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Could the response to Covid-19 help build more inclusive learning environments?

We must be careful not to fetishise the old normal, says Raeesah Ellis-Haque.
This article is more than 3 years old

Raeesah Ellis-Haque manages BAME recruitment and engagement in the widening participation team at the University of Bristol.

Business as usual. A term we are unlikely to hear for a long time in higher education.

It has taken a worldwide pandemic and a violent reminder of racism for the sector, and the world, to question if our “normal” was good enough. It wasn’t and it isn’t. But with disruption comes a chance for positive change, if we are willing to take it.

These unusual times – to borrow the term from many recent email greetings – provide the opportunity to shape things for the better in higher education, particularly for those students who fall into widening participation backgrounds. Universities are facing heavy criticism as they unleash plans for virtual learning, but more often than not such criticism comes from a particular viewpoint.

Inferior is complex

As universities across the country announce plans to heed the effects of Covid-19, many turning to blended learning, conversation has centred around an assumption that students will get an inferior university experience.

There has rightly been conversation centring how non-traditional students will cope in this new normal as they are more likely to lack the material resources needed to engage well. That could be due to the rapid collapse of the student economy with temporary, casual and part time jobs disintegrating meaning more anxiety about paying rent or bills.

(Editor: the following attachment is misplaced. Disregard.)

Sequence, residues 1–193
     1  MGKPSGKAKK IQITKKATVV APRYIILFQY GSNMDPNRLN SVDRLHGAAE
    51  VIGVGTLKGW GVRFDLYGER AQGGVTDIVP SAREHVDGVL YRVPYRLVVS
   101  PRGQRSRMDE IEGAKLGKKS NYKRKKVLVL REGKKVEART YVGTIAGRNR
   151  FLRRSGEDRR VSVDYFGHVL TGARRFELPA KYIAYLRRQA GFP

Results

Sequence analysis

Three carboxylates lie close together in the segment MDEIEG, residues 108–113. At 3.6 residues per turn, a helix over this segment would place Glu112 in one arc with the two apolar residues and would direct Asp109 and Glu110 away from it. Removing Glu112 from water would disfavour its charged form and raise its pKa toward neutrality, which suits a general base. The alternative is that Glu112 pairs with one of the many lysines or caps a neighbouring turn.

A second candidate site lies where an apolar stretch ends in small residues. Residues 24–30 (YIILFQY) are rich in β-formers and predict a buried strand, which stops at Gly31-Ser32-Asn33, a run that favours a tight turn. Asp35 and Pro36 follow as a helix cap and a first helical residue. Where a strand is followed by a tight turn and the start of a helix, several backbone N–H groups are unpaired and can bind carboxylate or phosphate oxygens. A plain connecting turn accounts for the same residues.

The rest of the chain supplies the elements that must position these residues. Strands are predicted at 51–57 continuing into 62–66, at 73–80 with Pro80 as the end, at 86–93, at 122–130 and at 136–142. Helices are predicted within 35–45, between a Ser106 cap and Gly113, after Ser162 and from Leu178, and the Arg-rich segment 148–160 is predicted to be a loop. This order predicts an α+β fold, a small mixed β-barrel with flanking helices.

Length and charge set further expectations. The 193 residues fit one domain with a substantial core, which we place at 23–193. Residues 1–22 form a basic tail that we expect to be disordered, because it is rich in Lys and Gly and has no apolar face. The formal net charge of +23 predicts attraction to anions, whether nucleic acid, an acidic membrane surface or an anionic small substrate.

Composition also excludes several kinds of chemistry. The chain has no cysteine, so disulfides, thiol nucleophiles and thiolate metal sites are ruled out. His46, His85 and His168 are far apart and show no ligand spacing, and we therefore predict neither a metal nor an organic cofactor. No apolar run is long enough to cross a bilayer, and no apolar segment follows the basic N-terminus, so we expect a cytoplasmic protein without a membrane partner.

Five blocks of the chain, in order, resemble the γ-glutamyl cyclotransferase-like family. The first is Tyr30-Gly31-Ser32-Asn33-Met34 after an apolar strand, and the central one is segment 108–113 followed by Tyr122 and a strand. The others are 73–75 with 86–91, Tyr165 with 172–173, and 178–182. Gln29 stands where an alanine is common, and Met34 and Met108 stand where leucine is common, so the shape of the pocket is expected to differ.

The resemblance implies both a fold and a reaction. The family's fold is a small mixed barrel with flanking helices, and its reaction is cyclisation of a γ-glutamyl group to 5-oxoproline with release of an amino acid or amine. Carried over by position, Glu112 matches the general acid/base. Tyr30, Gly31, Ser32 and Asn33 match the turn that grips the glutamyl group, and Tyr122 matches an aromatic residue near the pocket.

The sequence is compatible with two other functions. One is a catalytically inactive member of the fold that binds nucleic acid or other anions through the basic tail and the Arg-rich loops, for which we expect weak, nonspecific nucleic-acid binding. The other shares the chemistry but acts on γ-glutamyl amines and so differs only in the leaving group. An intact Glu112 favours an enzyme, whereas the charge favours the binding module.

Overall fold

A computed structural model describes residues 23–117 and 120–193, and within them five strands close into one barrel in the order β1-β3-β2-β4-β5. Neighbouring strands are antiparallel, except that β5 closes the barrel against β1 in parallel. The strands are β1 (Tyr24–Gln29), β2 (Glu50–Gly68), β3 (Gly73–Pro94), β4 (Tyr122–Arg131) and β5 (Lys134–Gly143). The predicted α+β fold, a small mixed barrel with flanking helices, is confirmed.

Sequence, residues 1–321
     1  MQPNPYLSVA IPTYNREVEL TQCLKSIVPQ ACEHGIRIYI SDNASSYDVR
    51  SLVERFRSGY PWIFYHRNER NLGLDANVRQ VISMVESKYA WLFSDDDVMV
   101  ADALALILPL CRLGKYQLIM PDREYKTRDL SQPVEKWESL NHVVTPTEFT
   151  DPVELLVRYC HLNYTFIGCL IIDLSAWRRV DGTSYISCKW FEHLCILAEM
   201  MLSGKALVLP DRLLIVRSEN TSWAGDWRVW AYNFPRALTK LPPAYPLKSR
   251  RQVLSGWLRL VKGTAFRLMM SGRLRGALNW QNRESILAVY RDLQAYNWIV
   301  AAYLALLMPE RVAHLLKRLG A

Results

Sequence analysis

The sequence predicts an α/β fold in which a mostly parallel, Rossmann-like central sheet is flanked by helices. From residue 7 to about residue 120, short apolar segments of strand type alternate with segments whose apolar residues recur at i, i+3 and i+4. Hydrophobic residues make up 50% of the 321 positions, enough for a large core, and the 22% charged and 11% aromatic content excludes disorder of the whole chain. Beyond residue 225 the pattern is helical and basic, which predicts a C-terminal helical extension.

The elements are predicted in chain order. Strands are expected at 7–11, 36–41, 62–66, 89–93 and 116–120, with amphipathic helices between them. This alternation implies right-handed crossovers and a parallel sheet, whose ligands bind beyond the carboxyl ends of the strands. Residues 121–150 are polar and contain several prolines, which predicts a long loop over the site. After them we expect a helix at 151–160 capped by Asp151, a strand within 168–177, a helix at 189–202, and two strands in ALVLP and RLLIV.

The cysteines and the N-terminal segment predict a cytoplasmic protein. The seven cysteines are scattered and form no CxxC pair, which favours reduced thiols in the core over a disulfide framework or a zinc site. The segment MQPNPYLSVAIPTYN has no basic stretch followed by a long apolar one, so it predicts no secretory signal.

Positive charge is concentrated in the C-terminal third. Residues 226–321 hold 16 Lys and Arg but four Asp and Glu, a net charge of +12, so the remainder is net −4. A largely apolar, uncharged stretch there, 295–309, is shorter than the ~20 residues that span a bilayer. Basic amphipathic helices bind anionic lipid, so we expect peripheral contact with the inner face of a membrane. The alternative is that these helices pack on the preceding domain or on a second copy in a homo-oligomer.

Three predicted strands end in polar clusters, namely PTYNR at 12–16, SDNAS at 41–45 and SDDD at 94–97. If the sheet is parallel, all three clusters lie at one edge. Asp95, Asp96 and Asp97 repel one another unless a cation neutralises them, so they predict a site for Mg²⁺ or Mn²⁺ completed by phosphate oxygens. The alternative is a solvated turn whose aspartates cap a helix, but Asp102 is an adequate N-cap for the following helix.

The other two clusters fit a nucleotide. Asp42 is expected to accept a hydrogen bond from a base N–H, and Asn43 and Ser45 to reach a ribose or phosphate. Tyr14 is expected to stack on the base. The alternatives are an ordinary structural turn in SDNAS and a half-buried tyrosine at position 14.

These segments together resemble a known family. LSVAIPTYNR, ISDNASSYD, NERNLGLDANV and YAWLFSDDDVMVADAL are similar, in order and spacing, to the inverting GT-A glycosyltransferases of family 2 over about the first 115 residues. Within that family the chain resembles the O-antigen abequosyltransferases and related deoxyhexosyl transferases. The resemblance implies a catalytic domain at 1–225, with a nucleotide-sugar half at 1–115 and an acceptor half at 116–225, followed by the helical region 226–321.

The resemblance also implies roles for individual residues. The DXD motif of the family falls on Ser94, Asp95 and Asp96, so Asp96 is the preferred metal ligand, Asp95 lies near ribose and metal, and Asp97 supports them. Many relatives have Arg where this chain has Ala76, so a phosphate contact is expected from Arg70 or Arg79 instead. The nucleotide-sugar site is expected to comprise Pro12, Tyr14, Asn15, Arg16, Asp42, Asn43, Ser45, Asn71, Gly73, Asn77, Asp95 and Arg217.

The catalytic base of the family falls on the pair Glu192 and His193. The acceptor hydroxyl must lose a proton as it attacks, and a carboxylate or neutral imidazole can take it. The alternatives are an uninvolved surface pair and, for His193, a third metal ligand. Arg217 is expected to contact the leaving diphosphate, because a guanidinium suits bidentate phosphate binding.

Issues may also arise if students decide to stay on in the family home (already a core consideration for many BAME communities) that may be unsuitable for quiet study or having an unreliable internet connection. These issues are real and the government must go beyond simply delaying the problem by bringing forward student finance payments.

On the other hand, as long as blended learning is put in place effectively, there are lots of positives to gain. This is particularly so for the next generation of learners. Many students that will be affected are often more comfortable with tech than they are physical interactions. Some students may feel more at ease developing their points of view and putting forth arguments with the space and relative anonymity that online discussions allow, as opposed to physical seminars where the confident few may dominate discussion.

A move to blended learning may also make higher education more attractive for disabled students who may find it difficult to physically get to buildings on campus, or commuter and mature students who typically benefit from further flexibility that online learning offers. These are the very groups of students that universities have made promises to recruit through their access and participation plans.

This preoccupation with the physical, traditional experience may be a result of commentators idealising their own experiences that came with far less of an opportunity cost. A time with minimal or no tuition fees and available maintenance grants to treat the student experience as a rite of passage whether or not there was benefit to it. It would be wrong to project these experiences on to the next generation for whose context is very different.

The whole and nothing but

But will students get the whole university experience online? An experience that not only includes getting a quality education but also meeting diverse groups of people, learning new hobbies and joining societies and sports clubs. Some have suggested that disadvantaged students may lose out more in this sense due to less interactions with children of the elite.